With Don marrying, Peggy's workload at SCDP increases as she basically is now Don's right hand; almost always, he is away spending time with Megan. Peggy also mentors Megan on her new copywriter position, which adds to Peggy's frustration as Don always whisks Megan away earlier than everyone. Don's treatment of her, and SCDP in general, further deteriorates after Peggy hires Michael Ginsberg, who is equally brilliant and sometimes outshines her, leaving her accomplishments unnoticed.
After meeting up with Ted Chaough, who offers her a huge pay raise and a copy chief position, Peggy unconditionally quits SCDP to move to CGC. Don takes her resignation calmly and kisses her hand. It isn't long, however, before she becomes dictatorial, as she finds working with CGC copywriters far more frustrating than working with Stan or Ginsberg back at SCDP.
One late night at work, she receives a call from Stan who gossips to her that Heinz Ketchup is looking to be represented by a new agency, particularly by SCDP, after Heinz Baked Beans, Vinegar, and Sauces division got huge sales boost after the advertising work from SCDP. Ted eventually picks this information and orders Peggy to start working on a pitch for Heinz.
On the day of the presentation for Heinz Ketchup, Peggy, Ted, and CGC greet the SCDP team of Don, Pete, and Stan after they finish their presentation with Heinz Ketchup, which didn't quite capture the client's thoughts. Don bids them luck but stays to eavesdrop on Peggy's pitch and finds out that Peggy is using his previous pitch of "changing the conversation." Don realizes that CGC is getting the account and spends the afternoon drinking with the rest of the SCDP team only to be further taunted by Ted who says they got the account, irking Stan, who gives Peggy a dirty finger.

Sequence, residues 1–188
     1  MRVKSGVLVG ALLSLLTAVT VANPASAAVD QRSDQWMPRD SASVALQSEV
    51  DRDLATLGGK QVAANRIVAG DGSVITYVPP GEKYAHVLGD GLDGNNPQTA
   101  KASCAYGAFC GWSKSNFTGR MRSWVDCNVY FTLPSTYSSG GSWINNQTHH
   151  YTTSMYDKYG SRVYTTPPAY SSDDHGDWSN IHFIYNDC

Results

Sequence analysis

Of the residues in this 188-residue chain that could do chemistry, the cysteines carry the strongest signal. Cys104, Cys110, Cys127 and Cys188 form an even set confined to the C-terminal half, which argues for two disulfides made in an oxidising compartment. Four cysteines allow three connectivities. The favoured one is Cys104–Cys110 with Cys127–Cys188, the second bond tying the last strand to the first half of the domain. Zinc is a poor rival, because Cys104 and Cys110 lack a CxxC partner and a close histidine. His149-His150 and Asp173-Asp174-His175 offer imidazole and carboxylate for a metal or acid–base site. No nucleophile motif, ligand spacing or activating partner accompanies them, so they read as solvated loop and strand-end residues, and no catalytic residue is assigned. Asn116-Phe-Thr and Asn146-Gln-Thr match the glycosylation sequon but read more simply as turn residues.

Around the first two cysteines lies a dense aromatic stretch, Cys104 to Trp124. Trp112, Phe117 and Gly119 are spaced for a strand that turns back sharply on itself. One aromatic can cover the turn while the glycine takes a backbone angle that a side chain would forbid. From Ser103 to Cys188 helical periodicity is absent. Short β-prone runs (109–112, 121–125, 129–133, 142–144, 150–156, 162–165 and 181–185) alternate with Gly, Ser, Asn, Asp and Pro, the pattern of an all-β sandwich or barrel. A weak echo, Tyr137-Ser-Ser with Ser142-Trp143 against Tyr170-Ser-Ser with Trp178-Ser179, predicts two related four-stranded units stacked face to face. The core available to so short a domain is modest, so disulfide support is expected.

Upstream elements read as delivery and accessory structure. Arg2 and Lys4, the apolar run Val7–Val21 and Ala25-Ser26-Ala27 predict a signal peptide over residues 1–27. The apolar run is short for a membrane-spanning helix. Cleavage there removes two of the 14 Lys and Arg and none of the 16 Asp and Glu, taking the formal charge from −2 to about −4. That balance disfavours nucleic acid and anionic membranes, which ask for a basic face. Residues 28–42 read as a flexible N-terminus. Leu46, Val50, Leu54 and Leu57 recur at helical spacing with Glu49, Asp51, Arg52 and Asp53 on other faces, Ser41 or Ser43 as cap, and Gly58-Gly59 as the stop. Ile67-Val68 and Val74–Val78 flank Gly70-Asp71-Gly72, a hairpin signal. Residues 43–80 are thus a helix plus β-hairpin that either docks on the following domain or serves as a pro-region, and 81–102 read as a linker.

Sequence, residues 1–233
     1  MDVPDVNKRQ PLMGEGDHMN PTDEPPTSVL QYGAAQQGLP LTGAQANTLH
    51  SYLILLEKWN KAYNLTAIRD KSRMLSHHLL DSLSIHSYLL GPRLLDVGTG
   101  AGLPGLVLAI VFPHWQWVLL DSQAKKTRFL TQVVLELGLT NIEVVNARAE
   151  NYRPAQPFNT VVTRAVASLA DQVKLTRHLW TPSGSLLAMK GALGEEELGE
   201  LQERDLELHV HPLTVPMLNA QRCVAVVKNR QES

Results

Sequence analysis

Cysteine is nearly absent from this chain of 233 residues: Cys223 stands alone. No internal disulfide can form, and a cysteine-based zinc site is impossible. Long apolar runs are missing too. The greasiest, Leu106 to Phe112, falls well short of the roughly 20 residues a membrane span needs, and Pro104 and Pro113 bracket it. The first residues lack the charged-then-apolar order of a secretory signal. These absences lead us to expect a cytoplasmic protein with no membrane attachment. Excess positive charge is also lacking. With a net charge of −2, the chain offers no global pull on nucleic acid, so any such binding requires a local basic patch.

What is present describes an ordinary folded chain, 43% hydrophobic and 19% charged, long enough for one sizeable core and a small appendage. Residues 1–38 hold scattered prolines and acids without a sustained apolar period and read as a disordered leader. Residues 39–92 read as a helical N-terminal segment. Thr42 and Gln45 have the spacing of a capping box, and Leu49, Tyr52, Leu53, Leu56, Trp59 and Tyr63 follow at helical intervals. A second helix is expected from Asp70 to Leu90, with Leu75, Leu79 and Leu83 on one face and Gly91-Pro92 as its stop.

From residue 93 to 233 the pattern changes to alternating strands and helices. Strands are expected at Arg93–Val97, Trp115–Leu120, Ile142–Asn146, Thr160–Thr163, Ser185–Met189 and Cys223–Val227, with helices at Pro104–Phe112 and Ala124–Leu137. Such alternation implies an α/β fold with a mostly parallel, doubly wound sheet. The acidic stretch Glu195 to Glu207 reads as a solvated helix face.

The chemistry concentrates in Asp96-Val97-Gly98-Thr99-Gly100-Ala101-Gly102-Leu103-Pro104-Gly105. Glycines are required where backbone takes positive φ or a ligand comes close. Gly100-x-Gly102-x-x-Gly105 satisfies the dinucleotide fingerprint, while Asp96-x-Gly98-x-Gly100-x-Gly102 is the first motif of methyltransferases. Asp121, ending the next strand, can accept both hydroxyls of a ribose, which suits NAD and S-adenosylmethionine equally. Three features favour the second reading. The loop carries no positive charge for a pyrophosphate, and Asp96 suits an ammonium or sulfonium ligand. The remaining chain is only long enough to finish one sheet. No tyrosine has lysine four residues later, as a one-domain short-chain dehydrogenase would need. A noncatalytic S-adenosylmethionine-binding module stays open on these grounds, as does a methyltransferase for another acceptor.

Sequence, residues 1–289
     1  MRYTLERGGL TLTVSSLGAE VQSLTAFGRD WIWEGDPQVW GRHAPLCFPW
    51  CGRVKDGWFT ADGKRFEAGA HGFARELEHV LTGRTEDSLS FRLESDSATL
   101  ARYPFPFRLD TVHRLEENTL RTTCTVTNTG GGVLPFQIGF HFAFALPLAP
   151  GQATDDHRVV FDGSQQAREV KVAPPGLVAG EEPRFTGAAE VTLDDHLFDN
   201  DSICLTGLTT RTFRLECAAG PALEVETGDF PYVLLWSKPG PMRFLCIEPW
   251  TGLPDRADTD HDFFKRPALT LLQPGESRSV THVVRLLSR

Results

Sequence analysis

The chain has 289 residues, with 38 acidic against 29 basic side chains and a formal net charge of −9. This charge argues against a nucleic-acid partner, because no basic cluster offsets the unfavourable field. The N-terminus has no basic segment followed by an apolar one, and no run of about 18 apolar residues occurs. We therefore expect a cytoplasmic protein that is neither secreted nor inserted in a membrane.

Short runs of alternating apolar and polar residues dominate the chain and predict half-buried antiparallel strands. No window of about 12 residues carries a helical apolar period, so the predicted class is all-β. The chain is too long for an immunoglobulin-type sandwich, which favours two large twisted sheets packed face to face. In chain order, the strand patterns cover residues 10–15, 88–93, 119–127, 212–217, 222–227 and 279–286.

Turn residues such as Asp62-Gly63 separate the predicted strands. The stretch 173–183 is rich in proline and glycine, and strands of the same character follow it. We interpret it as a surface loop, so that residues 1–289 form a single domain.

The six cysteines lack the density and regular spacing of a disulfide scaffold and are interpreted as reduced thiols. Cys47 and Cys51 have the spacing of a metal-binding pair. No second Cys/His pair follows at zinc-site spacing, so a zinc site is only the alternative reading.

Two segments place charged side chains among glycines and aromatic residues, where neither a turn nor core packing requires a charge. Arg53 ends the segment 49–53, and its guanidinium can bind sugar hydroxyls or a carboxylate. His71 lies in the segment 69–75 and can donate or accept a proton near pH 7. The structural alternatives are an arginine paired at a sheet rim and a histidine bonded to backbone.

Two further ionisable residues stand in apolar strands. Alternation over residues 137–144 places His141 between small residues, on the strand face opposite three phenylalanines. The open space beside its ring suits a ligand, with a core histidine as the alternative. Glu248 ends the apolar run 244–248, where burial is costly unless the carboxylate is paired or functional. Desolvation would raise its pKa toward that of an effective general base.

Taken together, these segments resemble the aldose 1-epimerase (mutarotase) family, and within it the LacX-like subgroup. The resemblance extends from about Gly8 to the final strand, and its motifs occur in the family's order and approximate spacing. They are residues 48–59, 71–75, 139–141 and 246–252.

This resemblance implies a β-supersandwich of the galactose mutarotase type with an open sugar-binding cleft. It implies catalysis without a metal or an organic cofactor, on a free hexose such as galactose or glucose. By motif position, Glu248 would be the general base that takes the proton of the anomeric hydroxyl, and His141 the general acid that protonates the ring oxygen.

When first introduced to Mad Men, Peggy Olson's mousey wardrobe choices were innocent and conservative. The antithesis of curvy office vixen Joan, Peggy seemed to be trying to blend into the walls. Peggy has grown considerably this season; she is finally forging a place for herself among the powerful men at Sterling Cooper Draper Pryce. This season, Peggy's style reflects her growing inner confidence-- her new haircut is short and stylish, and she has taken to wearing pops of blue, white, and yellow. Peggy's new, more modern style represents the strong, independent, adventurous woman she has become, and we can't get enough of it! Peggy's style may reflect the greatest transition throughout the 1960's. This may represent the changing status of women during the decade.